At home I washed my face with acne face wash and held a shell up to my right ear so it sounded like the ocean all around me. It smelled salty from my window, I could see the beach from my room, but I didn’t leave the house for the rest of the day.


My summer job was a 5 minute walk from the apartment which became a 10-15 minute walk in the peak season crowds. These subsided once I got to work; our plot of storage container food shacks and curated graffitied handball walls was tucked between Nathan’s Hot Dogs and the Thunderbolt roller coaster, and people usually thought it was closed. Our busiest day that summer was the Mermaid Parade, it was raining and windy and glittered sequined bodies were ordering fried fish by the dozens but it was taking so long that we were also issuing refunds for delays. One guy came back with a near empty container saying his fish was undercooked. My coworker Rex, the fry cook, rolled his eyes unsubtly but made a new one and then the guy came back with a near empty container again, saying it was too late and he was already feeling sick. I gave him a refund.

Even though the freak show was on the same block as my apartment I had never gone. Rex was a carnie with a lot of friends who performed in the show or worked at the freak bar, who would come by and get free food from him. I enforced the extra-tartar-sauce-costs-money rule if my boss was there or if I wanted to, like with people who complained both about the prices and that we didn’t take AmEx. Not so, for the Coney Island native in his late 70s whose girlfriend or wife looked like the prostitute from Futurama, she paced around behind him in a pink Juicy velour tracksuit while he ordered. He never gave his real name for the order, which he always mentioned as if to spark a Rumplestiltskin curiosity about his true identity. At the end of ordering he would lift his plain trucker hat to wipe sweat from his bald head and reveal the Ed Hardy-esque tiger tattoo on his forehead, which looked really fresh. When his food was ready I’d wave to him and give him an extra tartar sauce.

Rex came to work from Harlem and he was always late. One time he locked me out for hours because he alone had the key to the padlock. My boss drove over from Williamsburg in her tagged white van that matched her tattooed arms to bring the spare, she got there before Rex even woke up but didn’t fire him because she was too busy to find good help. Another time Rex messed up switching the propane tank and we almost died trying to light the fryer. He still wasn’t fired but I got promoted to manager and got a raise to $12 an hour, and fantasized about the storage container exploding all the time. I opened and closed and learned how to cook everything myself. The uniform was a crewneck so no one could see the rash on my upper back, which I thought might make people not want to eat food I made though I wore gloves. I wore a cap that covered my face well enough, though it was red and that probably didn’t help matters.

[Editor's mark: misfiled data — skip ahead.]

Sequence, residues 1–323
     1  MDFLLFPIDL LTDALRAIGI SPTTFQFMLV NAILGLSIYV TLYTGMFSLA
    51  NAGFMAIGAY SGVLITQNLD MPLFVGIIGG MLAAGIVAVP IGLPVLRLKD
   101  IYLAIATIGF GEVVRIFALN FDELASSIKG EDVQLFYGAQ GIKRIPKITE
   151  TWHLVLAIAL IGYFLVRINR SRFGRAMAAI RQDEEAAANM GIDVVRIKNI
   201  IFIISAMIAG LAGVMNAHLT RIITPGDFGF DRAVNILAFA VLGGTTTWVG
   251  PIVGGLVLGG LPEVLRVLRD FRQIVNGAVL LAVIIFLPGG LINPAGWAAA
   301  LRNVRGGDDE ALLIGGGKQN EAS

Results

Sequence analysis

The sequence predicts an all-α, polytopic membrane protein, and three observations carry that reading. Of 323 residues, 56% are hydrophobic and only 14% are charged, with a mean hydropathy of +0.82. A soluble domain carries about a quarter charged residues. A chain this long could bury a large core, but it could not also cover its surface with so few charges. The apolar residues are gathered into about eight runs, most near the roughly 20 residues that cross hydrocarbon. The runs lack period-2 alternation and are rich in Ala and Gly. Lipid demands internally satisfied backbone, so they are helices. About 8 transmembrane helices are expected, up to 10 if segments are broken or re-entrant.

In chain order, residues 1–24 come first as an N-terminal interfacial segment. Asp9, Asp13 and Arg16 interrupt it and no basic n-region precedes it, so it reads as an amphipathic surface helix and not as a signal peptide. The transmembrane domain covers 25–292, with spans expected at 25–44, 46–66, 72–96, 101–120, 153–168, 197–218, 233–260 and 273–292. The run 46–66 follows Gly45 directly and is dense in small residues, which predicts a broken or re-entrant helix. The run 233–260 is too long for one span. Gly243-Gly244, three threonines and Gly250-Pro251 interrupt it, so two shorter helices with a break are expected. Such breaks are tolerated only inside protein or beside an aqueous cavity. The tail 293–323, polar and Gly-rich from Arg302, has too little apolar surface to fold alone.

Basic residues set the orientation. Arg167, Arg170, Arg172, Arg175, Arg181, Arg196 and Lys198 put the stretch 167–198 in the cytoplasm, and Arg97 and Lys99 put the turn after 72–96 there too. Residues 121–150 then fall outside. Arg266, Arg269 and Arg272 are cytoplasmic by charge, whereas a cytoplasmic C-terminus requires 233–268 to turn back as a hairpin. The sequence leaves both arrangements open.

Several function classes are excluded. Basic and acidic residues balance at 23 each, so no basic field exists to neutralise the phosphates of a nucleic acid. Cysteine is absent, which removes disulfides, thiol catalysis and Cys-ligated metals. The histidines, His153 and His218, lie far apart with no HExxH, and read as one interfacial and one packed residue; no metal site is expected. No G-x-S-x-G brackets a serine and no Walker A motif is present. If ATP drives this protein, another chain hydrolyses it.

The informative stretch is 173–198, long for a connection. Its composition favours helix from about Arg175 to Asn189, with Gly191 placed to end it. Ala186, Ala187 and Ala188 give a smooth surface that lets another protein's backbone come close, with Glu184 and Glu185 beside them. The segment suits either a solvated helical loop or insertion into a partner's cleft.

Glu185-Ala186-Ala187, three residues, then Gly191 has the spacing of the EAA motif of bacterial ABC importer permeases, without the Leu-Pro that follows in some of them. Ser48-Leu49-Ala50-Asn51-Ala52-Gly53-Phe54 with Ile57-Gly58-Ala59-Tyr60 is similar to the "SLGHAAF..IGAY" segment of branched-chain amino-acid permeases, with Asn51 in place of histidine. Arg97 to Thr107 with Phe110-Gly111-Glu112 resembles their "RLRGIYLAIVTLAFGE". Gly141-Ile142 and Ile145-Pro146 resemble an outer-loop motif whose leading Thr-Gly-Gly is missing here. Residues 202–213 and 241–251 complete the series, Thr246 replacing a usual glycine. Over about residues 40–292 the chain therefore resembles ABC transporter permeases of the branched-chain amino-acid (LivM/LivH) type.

I went to see a new gynecologist. At my old one, a slideshow of Before and Afters for cosmetic procedures I didn’t even know were options played while I waited in a frontless paper hospital gown. The doctor had severe snakeskin heels and looked like the combined After of all the procedures on the slideshow. I think she was Armenian but she spoke an English and Russian combo to me. When I had asked her for birth control in college she’d asked about my boyfriend and I said I didn’t have one, to which she replied, “Then why do you need birth control?” She prescribed me Lo Lo Estrin.

The new doctor looked more like a Before picture. She spoke English and was nice about me being “sexually active.” She wanted to change my birth control prescription to a stronger one, with one “Lo” instead of two, saying it would help with the acne on my face, which I hadn’t mentioned.

I called the boyfriend I did have now when I walked home from work on weekend nights, after the fireworks. He was in Oakland and usually about to go out. I kept one hand pressed to my pocket with the tips from the day and weaved past crowds with giant plastic containers of daiquiri, past the man whose sports car’s doors opened like a beetle’s wings. It was covered in bright blue lights and blasted rap and I think was his way of making money, but I never looked long enough to feel like I had to pay him. When I got home I often wouldn’t shower even though I was drenched in sweat, fish, oil, beer batter, and soap. I’d brush my teeth and squish the microbeads of my acne wash hard onto my face.